The Varying Effects of Predatory Lending Laws on High-Cost Mortgage ApplicationsFederal Reserve Bank of St. Louis Review
Format of Original22 p.
PublisherFederal Reserve Bank of Saint Louis
AbstractFederal, state, and local predatory lending laws are designed to restrict and in some cases prohibit certain types of high-cost mortgage credit in the subprime market. Empirical evidence using the spatial variation in these laws shows that the aggregate flow of high-cost mortgage credit can increase, decrease, or be unchanged after these laws are enacted. Although it may seem counterintuitive to find that a law that prohibits lending could be associated with more lending, it is hypothesized that a law may reduce the cost of sorting honest loans from dishonest loans and lessen borrowers’ fears of predation, thus stimulating the high-cost mortgage market.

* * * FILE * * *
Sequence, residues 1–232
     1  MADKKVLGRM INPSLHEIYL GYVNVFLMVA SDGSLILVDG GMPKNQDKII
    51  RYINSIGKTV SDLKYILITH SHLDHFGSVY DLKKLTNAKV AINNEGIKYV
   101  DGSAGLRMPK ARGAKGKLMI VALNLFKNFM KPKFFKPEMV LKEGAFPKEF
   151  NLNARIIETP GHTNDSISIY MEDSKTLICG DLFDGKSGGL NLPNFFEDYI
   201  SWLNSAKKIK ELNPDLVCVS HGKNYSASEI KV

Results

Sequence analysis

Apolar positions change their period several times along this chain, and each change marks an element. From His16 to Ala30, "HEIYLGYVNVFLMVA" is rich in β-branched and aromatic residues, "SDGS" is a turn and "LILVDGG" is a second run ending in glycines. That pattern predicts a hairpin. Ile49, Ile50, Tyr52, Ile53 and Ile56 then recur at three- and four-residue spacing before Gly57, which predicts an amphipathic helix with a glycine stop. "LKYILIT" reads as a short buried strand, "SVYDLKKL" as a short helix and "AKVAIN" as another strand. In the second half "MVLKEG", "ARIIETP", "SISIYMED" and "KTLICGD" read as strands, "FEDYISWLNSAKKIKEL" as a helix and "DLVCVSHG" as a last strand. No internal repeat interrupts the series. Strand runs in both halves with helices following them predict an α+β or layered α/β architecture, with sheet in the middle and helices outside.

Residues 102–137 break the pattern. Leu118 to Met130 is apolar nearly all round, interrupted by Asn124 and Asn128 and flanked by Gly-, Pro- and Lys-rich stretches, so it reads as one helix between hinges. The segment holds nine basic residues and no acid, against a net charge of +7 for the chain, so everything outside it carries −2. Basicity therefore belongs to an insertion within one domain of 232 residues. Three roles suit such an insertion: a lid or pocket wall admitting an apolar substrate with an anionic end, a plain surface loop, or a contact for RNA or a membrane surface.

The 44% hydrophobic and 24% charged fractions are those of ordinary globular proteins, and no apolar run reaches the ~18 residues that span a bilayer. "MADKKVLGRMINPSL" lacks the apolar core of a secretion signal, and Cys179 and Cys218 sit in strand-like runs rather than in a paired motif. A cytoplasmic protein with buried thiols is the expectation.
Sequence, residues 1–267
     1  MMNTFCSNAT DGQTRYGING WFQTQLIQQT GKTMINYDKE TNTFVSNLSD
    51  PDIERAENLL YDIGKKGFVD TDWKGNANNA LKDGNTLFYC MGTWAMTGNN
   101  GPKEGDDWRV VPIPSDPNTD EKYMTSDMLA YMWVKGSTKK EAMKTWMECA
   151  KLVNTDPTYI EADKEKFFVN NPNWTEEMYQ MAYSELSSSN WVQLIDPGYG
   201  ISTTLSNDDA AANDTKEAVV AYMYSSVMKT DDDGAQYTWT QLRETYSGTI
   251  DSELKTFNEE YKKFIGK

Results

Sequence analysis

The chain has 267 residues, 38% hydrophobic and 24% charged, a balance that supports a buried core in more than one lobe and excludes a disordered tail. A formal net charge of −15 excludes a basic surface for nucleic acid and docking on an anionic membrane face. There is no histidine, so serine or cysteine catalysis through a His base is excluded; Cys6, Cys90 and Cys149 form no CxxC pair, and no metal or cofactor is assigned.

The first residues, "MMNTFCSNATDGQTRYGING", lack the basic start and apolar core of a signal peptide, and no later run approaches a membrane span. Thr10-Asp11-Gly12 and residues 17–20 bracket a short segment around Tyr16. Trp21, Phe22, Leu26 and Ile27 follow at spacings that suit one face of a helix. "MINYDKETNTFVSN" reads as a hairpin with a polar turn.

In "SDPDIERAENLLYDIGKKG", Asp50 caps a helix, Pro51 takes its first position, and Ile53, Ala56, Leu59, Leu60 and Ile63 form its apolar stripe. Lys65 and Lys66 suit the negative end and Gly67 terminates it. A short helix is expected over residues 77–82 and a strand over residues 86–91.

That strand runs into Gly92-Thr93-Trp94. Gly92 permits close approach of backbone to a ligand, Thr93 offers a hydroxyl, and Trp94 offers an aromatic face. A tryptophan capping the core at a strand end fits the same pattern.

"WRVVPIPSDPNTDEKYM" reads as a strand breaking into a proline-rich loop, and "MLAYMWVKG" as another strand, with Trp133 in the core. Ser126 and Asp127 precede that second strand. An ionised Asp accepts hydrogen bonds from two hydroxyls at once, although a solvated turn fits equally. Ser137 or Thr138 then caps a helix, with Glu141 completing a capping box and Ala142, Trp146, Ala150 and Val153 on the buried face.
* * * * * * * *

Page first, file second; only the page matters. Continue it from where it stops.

Citation InformationGiang Ho and Anthony Pennington-Cross. "The Varying Effects of Predatory Lending Laws on High-Cost Mortgage Applications" Federal Reserve Bank of St. Louis Review (2007) ISSN: 0014-9187
Available at: http://works.bepress.com/anthony_pennington_cross/9/